THE UNPRECEDENTED shooting spree at the end of August in Devínska Nová Ves, a suburban area of Bratislava, that left eight people dead and many more injured, some seriously, will likely lead to stricter rules for gun ownership in Slovakia. The Interior Ministry was quick to react to the shocking tragedy with a proposed amendment to Act 190/2003 on guns and ammunition which was submitted for interdepartmental review only one week after the shooting spree. The government is expected to deal with the proposal on September 22 but it is not clear if the proposed changes have widespread support among the public.
There are presently about 157,500 holders of gun licences in Slovakia, according to information provided to The Slovak Spectator by Viktor Plézel, a spokesperson of the Police Corps. That accounts for about 3 percent of the population of Slovakia, of all ages.
But according to Ľudovít Miklánek, the president of the board of Legis Telum, the Association of Shotgun Owners, people who also own airsoft, paintball, or other air-powered guns that do not require a gun licence, should also be counted among those who are keen on shooting and gun ownership. Adding these people, Miklánek estimated, brings the number of shooting enthusiasts in Slovakia to about 10 percent of the population.
Each person who applies for a gun licence is required by current Slovak law to prove a need to own or to carry a gun or ammunition.
Ownership of automatic guns that can fire multiple rounds is not permitted in Slovakia. The gunman from Devínska Nová Ves was shooting multiple automatic rounds with a Vz. 58 assault rifle, a self-loading rifle which the law allowed him to own, but it had been modified to shoot in rounds – a modification which made it illegal.
Stricter rules on the table
The aim of the amendment submitted for interdepartmental review is to make the conditions for obtaining a gun licence stricter, and to limit the holding and carrying of automatic guns and auto-loading guns which look or operate similarly or equally to automatic weapons, reads the report which accompanied the proposed amendment. The amendment would change the rules effective January 1, 2011.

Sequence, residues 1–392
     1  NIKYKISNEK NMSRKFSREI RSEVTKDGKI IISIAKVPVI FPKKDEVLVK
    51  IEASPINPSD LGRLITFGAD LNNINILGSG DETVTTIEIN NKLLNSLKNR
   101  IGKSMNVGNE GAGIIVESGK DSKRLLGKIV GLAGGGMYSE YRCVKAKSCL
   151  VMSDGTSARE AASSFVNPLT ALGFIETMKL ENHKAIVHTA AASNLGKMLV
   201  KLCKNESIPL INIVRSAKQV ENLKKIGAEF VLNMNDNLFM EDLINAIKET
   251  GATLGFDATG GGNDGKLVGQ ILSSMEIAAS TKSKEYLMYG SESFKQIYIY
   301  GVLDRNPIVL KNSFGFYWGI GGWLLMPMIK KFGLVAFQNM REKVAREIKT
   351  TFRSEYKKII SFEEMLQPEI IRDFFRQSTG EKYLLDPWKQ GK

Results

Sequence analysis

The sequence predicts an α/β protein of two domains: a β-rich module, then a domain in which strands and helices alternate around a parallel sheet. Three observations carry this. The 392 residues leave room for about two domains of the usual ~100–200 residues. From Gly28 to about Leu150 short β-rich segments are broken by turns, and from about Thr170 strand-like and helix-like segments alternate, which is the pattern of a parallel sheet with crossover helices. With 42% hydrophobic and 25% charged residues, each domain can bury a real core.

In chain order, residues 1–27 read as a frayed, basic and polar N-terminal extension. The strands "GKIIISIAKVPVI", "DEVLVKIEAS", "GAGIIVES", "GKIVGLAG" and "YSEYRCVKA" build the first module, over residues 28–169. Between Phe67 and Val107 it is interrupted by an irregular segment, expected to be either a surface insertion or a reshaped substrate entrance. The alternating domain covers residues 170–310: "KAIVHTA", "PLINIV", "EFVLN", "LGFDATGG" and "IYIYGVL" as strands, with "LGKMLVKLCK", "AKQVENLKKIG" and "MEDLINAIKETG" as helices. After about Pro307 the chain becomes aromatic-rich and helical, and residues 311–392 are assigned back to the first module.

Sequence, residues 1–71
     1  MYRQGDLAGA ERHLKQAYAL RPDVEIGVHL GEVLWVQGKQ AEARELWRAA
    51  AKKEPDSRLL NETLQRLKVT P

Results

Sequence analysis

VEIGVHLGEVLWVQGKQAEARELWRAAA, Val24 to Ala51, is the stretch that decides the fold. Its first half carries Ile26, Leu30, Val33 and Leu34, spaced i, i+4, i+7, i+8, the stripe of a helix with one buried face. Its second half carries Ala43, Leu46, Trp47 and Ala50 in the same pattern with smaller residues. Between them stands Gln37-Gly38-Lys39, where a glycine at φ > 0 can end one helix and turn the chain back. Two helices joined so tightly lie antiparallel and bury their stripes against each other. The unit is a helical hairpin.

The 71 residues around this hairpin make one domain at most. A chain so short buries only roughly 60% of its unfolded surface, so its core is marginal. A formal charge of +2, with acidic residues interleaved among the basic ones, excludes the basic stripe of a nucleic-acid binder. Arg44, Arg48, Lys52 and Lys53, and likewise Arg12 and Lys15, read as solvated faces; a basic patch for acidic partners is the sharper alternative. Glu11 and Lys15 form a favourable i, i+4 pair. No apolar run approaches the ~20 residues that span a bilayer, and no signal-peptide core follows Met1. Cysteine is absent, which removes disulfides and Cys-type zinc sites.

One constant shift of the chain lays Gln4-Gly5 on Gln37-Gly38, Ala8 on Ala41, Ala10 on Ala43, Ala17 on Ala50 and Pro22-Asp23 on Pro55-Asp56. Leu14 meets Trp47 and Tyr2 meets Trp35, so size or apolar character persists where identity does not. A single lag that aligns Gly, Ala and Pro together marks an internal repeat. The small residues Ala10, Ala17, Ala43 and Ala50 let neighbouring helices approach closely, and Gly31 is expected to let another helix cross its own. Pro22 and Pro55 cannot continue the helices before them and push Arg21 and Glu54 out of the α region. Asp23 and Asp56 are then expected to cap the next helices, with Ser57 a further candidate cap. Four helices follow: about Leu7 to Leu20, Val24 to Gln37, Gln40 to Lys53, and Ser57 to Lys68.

There are basically two major changes proposed by the ministry. The first states that the valid term for gun licences should be shortened from the present 10 years to only five. Under the new rules, applicants for a gun licence would also be obliged to undergo an examination by a clinical psychologist. The second change bans self-loading rifles which look or operate similarly or equally to automatic guns or which were produced by reconstructing an automatic gun.
The Interior Ministry submitted its amendment to the law on guns and ammunition for fast-tracked inter-departmental review on September 7, ministry’s spokesperson Gábor Grendel told The Slovak Spectator. The text of the amendment will remain posted online until September 14 after which the ministry will prepare a final document to be submitted to the government cabinet.
“It will be only then that all the new measures which may be incorporated into the law will be known,” Grendel said.
Gun enthusiasts react
Miloslav Benca, the president of the Slovak Shooting Association (SSZ), told The Slovak Spectator that none of the sport disciplines which his association shelters require the use of the kind of guns which the ministry is considering banning. He added, however, that the published statements of Interior Minister Lipšic do not make clear exactly what limits he plans to propose in the amendment. Benca noted that SSZ represents successful athletes in Olympic sport disciplines and his association will appropriately respond to the proposal with expert comments if it is invited to do so.
Since the public debate has begun the Legis Telum association appears to be one of the main opponents of changes in gun legislation. Miklánek, the association’s board president, claims that there are no automatic guns circulating among the public, apart from those held by a small circle of antiquarians.
“All the pattern 58 rifles which were introduced to the civil market have been converted to self-loading rifles,” he told The Slovak Spectator. “Their trigger mechanism was modified so that they cannot shoot in rounds.”
Miklánek said that members of the public who are shooting enthusiasts have gone into a state of panic after the proposed amendment to Act 190/2003 was published online.